Sunday, September 03, 2006

Recent Interest

These games are ones that I have taken an interest in lately. They aren't necessarily on my want list; they just caught my eye for one reason or another. If the rules are available, I have read them. I'll appreciate any comments from my readers, good or bad. When I am on the fence about a game, a well-formed comment can push me one way or the other.

Skybridge: I'm a sucker for beautiful wooden games. We already own Quarto, but haven't played it in forever. From the rules, this one sounds like a winner. Not immensely deep, but some interesting decisions. Like its distant cousin Medina, it has some elements of the game of "chicken". Seems to work nicely with 2, 3, and 4 players.

Succession: Intrigue in the Royal Court: I used to play quite a bit of Kremlin back in the 90's. This game seems to have the potential for the same kind of tongue-in-cheek humor that made Kremlin so fun. In fact, from its blurb on BGG, it may have even more going on. I cannot find the rules anywhere. If you know where I can find them, please tell me.

Viktory II: Moderately pretty multi-player wargame. It's got plastic pieces--which I generally do not like--but the overall look of the game is quite pleasant. The rules are very simple, but with 6 unit types (infantry, cavalry, artillery, frigate, towns, and city) and 5 terrain types (mountain, forest, plains, grassland, and water), there's lots of room for tactics. The publisher's site has video examples of movement, combat, and an entire game. The randomized (and hidden) board makes for a good amount of replayability. There's a 2-4 player set, and a larger one that allows for 5 and 6 players.

King Me!: Another game somewhat along the lines of Succession, but much lighter. Each player is trying to maximize his score by getting as many of his 6 secret characters as far up the royal hierarchy as possible. If a player moves a character to the throne, all players vote. "No" votes are limited, and must be used wisely. But players may bluff by sending a character to the throne that they do not want to get you to waste your "No" votes. Ultimately, a character will become king, which ends the round and invokes a scoring phase. The game lasts for three such rounds. Sounds like a fun light filler.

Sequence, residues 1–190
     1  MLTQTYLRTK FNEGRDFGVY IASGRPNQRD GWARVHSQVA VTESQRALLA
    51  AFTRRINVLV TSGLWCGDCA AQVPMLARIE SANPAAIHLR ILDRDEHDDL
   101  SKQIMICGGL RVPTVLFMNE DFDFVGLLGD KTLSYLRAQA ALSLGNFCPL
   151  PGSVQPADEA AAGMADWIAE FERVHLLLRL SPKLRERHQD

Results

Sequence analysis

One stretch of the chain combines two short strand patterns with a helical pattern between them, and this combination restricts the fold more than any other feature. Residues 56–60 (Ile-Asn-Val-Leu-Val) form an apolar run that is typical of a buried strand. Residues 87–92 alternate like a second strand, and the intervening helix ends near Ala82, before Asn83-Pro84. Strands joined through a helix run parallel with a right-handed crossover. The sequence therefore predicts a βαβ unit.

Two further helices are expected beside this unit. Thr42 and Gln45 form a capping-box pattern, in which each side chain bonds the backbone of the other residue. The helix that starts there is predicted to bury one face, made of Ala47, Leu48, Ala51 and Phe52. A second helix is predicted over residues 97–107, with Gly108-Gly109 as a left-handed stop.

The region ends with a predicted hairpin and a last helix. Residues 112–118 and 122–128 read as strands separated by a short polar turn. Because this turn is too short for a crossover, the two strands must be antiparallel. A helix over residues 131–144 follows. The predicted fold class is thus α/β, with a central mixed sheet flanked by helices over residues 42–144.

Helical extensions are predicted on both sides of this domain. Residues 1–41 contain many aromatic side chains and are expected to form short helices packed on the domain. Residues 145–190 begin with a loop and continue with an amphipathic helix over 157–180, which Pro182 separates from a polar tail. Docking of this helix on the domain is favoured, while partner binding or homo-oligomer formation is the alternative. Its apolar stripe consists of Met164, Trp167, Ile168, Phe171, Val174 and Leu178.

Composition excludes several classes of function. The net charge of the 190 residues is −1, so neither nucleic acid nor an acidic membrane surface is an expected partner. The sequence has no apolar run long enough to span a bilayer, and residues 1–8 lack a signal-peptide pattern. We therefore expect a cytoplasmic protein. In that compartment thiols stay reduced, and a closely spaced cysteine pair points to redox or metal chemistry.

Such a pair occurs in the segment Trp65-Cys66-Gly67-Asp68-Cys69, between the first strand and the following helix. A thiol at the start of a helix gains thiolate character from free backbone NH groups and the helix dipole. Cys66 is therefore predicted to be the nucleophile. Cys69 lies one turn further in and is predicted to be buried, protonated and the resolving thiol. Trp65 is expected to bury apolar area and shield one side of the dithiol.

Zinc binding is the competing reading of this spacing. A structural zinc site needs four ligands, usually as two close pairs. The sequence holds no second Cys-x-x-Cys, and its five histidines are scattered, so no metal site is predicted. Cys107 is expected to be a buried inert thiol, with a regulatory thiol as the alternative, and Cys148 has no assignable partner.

Tal der Konige: Another beautiful wooden game. It's largely unavailable. The rules didn't blow me away, but there were some very unique mechanisms here. This is one that I would appreciate the most feedback on. In order to obtain this game, I would surely have to trade or buy from a gamer directly. Ugh.

Himalaya: This game has been on and off my radar for a long time. Now that it's available again, I am unsure. The programmed moves sound fun. The fact that both the "lines and spaces" have meaning (Taj Mahal-esque) is interesting.

Dune: The D&D player in me wants this long-out-of-print game. The image is of a home-made copy that looks far better than the original. In Dune, up to 6 players, who each have significantly different powers, vie for control of territory on the spice planet and for powerful alliances. Each player controls a number of characters, some of which can be traitors. The game sounds fascinating with the right group. I'm guessing people that like Struggle of Empires might also like Dune.

Medieval Merchant: Another pretty game. It just sounds a little too mathematical and dry. I don't even find Go to be dry. My GeekBuddy list is rather flat on this game. Still, I like to look at it.

Skybridge image by MattSim
Viktory II image by VIKTORY
Tal der Konige image by hinj

Medieval Merchant image by alkis21
Dune image by Davestar2


At 12:23 AM, Blogger Mikko Saari said...

King Me! is fun little game. I enjoyed it quite a bit, but unfortunately nobody else seemed ton enjoy it as much, and it got very little play time. I think I've sold it since. It's fun, but if players have too similar card sets (ie. there's a character or two on most players' cards), the rounds can end way too soon. Doesn't matter much, as the game is very short.

Himalaya is at least decent, but that's pretty much all I can say after my one game. I'm still waiting to get the Finnish edition...

Dune is fascinating and quite loyal to the books. It's also long, overly complicated in the wrong way, takes some experience from all six (and you need six, or at least five) players to be really good. I like it, sort of, but it was way too hard to actually play, so I sold mine.

At 11:15 AM, Blogger Matthew Marquand said...

Tal der Konige was on my radar some time ago largely due to it's beautiful production quality. It's high rating didn't hurt either.

I own Himalaya and play it fairly often. I enjoy the 'meta-game' aspect of trying to outprogram your opponents by using the sleeping yak move forcing them to take a cheaper good when trading in a village. I highly recommend the expansion (if you can find it). I went through the effort of pasting up the cards that replace the D20 to introduce some predictability to where goods will be deployed on subsequent turns.

At 6:37 AM, Blogger zorg said...

I could be wrong, but I think Medieval Merchant and Himalaya are basically the same game with different themes.

At 6:40 AM, Blogger zorg said...

I was wrong. Himalaya is Merchants of the Empire and not Medieval Merchant. :)

At 10:46 PM, Blogger Steve Janecek said...

I liked medieval merchant, but there are some things that need to be understood to make it a good game.

1 - people need to separate themselves when choosing starting spaces, much like funk and ticket to ride, the person that is by themselves will generally win.

2 - diplomatic action during th game is an important facet - its a game that requires table talk


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